Dallas County High School gets high tech

Published 6:27 pm Wednesday, October 29, 2008

More than ever, teachers and students in the Dallas County Schools system have become tech savvy and are using computers as learning tools.

The system has so many computers, as a matter of fact, it’s having trouble keeping up with them all.

School officials reported at the system’s board meeting this week that the number of computers and the use they get are up over the past seven years.

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Unfortunately, the county hasn’t had the budget room to provide adequate tech support.

“We’re getting a lot of computers in place, and that’s good. We’re getting a lot of computers into the classroom,” said Terry Grissom, the system’s technology coordinator. “If you talk to teachers about technology, you may have people saying ‘You know, we got all these computers, but I can’t get this one to work, or this one won’t print.’”

Grissom says that is mainly because of understaffing in the technology department. In addition to Grissom, there is one Internet technician and two services technicians for the entire school system.

Grissom said to meet basic industry standards, seven more people need to be hired.

“We’re just doing the best we can with what we have, “Grissom said. “That means for many of the classroom teachers, the current response time for when a work order is submitted to when it is completed is about 40 days.”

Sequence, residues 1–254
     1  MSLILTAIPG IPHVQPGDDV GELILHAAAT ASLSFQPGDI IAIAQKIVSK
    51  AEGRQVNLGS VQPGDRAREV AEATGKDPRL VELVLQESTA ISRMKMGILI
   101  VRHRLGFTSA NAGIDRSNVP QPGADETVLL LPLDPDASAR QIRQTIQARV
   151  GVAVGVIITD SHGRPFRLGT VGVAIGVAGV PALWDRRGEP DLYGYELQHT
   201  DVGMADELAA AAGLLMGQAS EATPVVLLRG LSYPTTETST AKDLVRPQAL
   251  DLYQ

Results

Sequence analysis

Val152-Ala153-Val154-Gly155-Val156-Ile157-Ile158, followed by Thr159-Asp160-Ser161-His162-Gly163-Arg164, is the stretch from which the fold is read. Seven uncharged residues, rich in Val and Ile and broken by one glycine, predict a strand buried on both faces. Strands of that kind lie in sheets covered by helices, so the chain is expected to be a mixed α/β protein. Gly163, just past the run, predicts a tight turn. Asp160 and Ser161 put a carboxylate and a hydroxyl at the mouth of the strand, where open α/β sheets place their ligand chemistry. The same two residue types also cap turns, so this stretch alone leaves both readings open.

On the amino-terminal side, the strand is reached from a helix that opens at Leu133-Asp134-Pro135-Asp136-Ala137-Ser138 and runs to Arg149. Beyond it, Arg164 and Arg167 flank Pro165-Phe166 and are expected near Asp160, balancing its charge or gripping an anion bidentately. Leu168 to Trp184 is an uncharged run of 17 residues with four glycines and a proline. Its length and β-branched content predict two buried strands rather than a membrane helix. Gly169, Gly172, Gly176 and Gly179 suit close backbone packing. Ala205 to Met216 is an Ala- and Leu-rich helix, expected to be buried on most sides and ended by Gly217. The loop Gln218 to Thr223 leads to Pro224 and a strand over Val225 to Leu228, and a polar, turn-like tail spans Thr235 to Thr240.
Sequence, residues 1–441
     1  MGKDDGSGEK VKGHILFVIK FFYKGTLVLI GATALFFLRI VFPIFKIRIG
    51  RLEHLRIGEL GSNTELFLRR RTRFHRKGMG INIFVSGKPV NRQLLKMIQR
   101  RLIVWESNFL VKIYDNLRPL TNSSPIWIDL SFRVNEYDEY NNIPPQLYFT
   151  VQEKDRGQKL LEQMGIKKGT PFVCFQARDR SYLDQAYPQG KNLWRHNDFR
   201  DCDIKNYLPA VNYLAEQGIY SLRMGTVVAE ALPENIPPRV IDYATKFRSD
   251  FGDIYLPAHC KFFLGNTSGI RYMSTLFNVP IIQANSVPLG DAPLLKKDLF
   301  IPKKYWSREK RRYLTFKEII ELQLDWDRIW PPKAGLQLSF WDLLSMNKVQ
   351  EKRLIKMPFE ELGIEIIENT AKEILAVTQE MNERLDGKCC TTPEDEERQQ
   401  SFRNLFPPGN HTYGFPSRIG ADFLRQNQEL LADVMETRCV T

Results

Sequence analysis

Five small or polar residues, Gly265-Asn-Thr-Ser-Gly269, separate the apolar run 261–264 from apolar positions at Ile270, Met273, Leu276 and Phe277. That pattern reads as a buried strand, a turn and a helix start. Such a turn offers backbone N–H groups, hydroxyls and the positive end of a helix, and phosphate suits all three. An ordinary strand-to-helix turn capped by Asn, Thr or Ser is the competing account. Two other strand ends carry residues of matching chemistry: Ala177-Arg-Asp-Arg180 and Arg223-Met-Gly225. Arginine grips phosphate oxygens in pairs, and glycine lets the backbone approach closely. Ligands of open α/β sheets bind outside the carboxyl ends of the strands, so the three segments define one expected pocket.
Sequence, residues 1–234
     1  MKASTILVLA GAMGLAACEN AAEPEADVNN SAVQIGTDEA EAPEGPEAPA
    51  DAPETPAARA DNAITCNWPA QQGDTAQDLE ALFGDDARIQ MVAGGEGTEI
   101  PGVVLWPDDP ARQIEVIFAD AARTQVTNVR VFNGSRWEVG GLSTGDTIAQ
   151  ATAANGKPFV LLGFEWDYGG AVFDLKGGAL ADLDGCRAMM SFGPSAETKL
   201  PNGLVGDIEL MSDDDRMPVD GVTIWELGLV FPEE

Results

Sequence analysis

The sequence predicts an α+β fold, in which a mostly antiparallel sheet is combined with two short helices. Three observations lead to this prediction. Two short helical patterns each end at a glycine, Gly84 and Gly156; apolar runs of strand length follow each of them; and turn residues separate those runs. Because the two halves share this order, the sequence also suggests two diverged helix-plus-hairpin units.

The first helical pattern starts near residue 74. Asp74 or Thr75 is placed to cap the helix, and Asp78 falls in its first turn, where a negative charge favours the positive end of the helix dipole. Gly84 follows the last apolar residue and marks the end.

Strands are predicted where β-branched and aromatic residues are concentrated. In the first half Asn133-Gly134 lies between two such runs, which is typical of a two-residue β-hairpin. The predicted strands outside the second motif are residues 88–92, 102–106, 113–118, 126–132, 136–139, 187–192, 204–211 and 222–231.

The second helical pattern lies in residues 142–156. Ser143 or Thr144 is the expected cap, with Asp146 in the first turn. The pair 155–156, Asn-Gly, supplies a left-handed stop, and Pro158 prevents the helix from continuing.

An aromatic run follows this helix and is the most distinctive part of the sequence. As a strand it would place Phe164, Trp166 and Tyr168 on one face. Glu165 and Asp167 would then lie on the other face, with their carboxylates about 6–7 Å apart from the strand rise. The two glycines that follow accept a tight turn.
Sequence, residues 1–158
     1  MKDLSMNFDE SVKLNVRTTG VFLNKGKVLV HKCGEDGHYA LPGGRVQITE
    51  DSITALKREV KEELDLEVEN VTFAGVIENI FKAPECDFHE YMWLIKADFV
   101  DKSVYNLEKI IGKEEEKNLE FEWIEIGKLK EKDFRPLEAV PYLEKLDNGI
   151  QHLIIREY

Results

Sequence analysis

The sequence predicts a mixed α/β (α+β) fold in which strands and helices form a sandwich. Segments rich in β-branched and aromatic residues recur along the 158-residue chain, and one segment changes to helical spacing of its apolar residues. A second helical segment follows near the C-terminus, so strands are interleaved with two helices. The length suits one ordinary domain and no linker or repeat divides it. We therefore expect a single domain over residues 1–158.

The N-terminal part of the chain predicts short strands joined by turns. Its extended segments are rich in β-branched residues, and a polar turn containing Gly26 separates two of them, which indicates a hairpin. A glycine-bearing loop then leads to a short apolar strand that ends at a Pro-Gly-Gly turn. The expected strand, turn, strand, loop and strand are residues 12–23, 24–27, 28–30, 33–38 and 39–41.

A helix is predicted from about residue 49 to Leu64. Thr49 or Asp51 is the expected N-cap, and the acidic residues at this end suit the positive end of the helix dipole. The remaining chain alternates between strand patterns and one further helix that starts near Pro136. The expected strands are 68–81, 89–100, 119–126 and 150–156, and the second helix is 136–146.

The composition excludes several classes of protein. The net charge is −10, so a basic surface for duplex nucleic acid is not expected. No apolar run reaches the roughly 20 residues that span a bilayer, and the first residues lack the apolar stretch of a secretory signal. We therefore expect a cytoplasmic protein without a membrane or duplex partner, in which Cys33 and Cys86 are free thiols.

Grissom likened the school system’s situation to fitting 630 people into a 30-person elevator.

According to Superintendent Fannie Major-McKenzie, several teachers have expressed concerns about the available technology since 2001.

In a presentation during the board meeting, Grissom showed the county is ahead of the state average in several areas, including the number of teachers that use the Internet in their lesson plans and teaching and students who use electronic equipment for presentations or homework.

The information came from a teacher survey taken in the spring regarding where schools presently stand as far as technology.

There are now 1,400 more computers in classrooms than in 2001.

There are also 43 Promethean Boards in place system-wide. The interactive teaching tools replace conventional whiteboards, using projectors to provide instant visual learning and feedback to students.